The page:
Magic, Game-Games, Story-Games, Jacob, and Me

I've posted a massive rant over on SG. It's actually kind of interesting. I did this instead of reading "Only Revolutions", so I hope someone gets some use out of it!

(I may expand this, either here or there. Any ideas, folks? Tell me stuff!)

Two personal thoughts.

Some time ago, I created an RPG ("Struggle") with very competitive elements. It was designed for two players, very quickly, and it wasn't perfect. But it had some good bits. My friend and I tried it, and had an interesting story. We both enjoyed ourselves; but it was clear that I enjoyed it more than he did. He seemed kind of... let down, after. But he decided to play it again.

So we did, much to the same result. He said to me after, "I think you've got some good ideas here, and this could be a good game. But it's not a game for me.". He stated the competitive elements (and the fact that they overwhelmed the story at times), as one reason. I think Rob had a similar moment here ("I'm sure this is great, but it's just not for me"), and it's actually got me thinking about a few things.

The other thought involves Magic. I've played that for longer than I've played RPGs, but probably less often - at least 7 or 8 years, though. And every time I play in a "serious" environment, like a tournament or at a card store (with strangers), I feel kind of "meh". Not bad, but not great.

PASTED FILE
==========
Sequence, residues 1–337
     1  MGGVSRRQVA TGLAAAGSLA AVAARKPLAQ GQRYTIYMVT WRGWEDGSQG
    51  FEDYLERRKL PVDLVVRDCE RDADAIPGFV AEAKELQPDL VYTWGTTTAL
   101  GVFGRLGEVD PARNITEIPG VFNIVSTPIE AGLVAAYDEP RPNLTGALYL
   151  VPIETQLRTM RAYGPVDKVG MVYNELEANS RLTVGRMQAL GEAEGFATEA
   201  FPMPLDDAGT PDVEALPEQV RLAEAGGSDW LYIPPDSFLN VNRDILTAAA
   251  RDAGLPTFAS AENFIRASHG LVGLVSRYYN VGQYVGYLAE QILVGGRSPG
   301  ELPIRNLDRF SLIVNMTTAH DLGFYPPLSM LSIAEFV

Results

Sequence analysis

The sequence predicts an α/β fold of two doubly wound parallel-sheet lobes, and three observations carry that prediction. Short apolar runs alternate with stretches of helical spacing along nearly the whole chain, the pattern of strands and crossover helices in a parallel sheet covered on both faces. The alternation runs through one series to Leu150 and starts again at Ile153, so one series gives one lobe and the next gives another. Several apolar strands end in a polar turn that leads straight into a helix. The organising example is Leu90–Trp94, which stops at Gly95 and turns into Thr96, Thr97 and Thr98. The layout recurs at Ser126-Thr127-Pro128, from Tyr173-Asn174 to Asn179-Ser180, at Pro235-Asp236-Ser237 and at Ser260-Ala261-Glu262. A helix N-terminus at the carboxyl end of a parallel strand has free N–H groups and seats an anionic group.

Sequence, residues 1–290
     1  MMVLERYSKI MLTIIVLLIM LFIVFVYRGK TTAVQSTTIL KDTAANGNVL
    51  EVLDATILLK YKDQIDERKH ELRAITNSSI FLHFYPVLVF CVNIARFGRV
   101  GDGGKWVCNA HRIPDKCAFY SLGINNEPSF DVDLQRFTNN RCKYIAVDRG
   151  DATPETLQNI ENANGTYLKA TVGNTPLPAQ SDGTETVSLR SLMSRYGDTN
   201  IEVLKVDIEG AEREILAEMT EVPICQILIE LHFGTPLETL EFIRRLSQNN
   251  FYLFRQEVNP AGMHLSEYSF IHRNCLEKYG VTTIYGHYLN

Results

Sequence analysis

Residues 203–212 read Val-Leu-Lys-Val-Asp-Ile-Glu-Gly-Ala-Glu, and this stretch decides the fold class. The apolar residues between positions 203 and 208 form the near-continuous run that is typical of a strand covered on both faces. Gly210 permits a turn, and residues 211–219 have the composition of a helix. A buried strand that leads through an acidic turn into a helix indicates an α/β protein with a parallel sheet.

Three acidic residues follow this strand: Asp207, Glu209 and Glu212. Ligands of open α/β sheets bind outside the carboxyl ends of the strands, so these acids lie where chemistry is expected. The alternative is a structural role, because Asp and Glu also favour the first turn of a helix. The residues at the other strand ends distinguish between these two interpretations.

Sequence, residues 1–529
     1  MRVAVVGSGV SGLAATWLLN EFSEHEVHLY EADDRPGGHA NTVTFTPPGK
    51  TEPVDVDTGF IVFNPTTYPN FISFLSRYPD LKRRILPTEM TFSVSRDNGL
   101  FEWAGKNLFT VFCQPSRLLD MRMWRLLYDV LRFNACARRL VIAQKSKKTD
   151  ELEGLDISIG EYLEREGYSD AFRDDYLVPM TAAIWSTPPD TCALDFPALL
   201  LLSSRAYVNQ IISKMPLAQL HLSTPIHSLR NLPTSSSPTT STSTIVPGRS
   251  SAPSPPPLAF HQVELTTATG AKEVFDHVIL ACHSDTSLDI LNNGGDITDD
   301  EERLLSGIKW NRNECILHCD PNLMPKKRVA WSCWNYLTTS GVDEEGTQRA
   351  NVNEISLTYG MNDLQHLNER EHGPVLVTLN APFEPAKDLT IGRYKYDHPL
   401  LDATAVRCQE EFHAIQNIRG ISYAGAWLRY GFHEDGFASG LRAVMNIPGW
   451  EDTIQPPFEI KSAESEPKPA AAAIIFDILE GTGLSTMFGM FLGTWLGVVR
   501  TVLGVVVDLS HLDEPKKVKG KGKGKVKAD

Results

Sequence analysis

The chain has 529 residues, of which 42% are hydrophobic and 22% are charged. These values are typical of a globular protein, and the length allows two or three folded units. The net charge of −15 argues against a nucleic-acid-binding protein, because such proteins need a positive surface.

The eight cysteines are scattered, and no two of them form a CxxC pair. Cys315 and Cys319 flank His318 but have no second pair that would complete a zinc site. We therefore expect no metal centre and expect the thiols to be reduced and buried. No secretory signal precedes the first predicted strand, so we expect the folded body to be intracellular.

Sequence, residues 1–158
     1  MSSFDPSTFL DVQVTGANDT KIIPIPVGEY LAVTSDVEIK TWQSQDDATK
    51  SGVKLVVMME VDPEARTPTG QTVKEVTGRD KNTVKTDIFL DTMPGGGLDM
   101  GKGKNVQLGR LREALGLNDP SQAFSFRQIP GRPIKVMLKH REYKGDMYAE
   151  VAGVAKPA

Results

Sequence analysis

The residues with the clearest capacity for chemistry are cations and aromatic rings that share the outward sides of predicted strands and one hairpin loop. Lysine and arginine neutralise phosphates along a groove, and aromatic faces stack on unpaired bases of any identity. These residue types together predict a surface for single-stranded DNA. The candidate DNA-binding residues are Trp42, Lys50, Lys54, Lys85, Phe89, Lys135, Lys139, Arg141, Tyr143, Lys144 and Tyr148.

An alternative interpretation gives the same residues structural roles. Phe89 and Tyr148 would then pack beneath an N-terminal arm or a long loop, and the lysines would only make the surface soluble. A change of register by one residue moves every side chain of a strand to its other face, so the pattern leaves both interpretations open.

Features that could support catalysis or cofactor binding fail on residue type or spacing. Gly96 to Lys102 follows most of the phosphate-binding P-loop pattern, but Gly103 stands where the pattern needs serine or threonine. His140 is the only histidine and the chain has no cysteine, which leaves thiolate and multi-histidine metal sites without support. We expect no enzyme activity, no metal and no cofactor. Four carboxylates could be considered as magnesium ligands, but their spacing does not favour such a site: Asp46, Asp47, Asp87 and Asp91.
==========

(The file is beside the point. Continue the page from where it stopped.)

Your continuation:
But when I'm with friends, playing, I enjoy myself much more. And it's not just who I'm playing with. We still play to win, always, to the best of our ability. But A) We try to do it in fun ways, and B) We don't really care all that much.

But, primarily, the "fun" I get when playing Magic is the same "fun" I get when playing many RPGs (Beast Hunters comes to mind, as does Baron Munchausen) - throwing each other into tricky situations and watching them escape. It's racing to find the right solution. It's doing something clever or tricky. It is, on occasion, drawing the right card at the right time.

I'm rambling here, but the main point is this: Both RPGs and board/card games have spectrum of playing styles, both within types of games and within a particular game. This isn't really news, but it affects people all the time - and I daresay there's interesting, not-fully-explored design lessons in that fact.